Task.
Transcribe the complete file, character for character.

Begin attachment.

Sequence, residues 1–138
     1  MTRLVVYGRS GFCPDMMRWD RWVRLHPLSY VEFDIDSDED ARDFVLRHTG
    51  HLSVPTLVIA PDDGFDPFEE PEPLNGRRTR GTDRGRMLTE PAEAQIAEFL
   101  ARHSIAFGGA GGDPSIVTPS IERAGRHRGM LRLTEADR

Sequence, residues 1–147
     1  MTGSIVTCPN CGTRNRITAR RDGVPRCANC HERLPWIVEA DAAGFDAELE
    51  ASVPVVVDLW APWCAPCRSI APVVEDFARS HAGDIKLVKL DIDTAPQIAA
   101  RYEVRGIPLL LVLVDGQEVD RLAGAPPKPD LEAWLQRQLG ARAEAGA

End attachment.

Sequence, residues 1–138
     1  MTRLVVYGRS GFCPDMMRWD RWVRLHPLSY VEFDIDSDED ARDFVLRHTG
    51  HLSVPTLVIA PDDGFDPFEE PEPLNGRRTR GTDRGRMLTE PAEAQIAEFL
   101  ARHSIAFGGA GGDPSIVTPS IERAGRHRGM LRLTEADR

Sequence, residues 1–147
     1  MTGSIVTCPN CGTRNRITAR RDGVPRCANC HERLPWIVEA DAAGFDAELE
    51  ASVPVVVDLW APWCAPCRSI APVVEDFARS HAGDIKLVKL DIDTAPQIAA
   101  RYEVRGIPLL LVLVDGQEVD RLAGAPPKPD LEAWLQRQLG ARAEAGA